Have a Read!!!
Books of Jewish Interest (BJI) 2019 – Book Selection
We are starting our 2019 season. Join in a lively discussion of Jewish-themed books from a variety of genres—whether its how gentrification or Jewish conversion exposes hidden prejudices or how one can survive anti-Semitism and still keep true to oneself, these books will totally captivate you.
I invite all to join Books of Jewish Interest (BJI). Participants are expected to read the book listed for the date. We have four wonderful discussants for each of the books. Like last year, the leader will present an informative summary of the book’s story or thesis and provided questions to stimulate the discussion and bring a snack for about 15 people.
Our co-sponsor, Bethlehem Public Library will be hosting BJI again this year. The Library has conference call capability. It is also handicapped accessible and has plenty of parking. We will be meeting at the Library (2245 Main St, Bethlehem, NH 03574) on Wednesday afternoon at 4 p.m. on July 11, July 25, August 8, and August 22.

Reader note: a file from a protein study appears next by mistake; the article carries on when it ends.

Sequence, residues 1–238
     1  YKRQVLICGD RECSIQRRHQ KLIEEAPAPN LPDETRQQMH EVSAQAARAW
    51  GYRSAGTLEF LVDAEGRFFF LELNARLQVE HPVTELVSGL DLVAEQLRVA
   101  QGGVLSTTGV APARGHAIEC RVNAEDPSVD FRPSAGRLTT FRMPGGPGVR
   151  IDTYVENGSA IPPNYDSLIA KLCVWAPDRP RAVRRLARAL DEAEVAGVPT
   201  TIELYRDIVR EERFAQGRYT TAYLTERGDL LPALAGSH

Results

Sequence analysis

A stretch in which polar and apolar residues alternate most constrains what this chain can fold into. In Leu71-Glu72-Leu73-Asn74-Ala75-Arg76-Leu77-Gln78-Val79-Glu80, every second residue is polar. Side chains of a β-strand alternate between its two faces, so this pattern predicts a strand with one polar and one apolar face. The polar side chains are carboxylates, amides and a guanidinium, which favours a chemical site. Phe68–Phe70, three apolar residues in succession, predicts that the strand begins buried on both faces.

Books selected for this season are:
July 11th: The Plot Against America, Philip Roth. I must admit, it was a review article in the New Yorker that convinced me to pick this Philip Roth’s book. It is a masterwork of counterfactual history, a what-if story in which Charles Lindbergh, the aviation hero and Nazi sympathizer, is elected President in 1940, leading to the widespread persecution of Jews in the United States. Roth focuses on one family to tell this story and the reader watches as each member choses to “survive” in different ways. For some background on Philip Roth, watch PBS American Masters Program https://www.cambridge.org/us/academic/subjects/politics-international-relations/international-relations-and-international-organisations/international-migration-evolving-trends-early-twentieth-century-present. Steve Monsein will lead the discussion.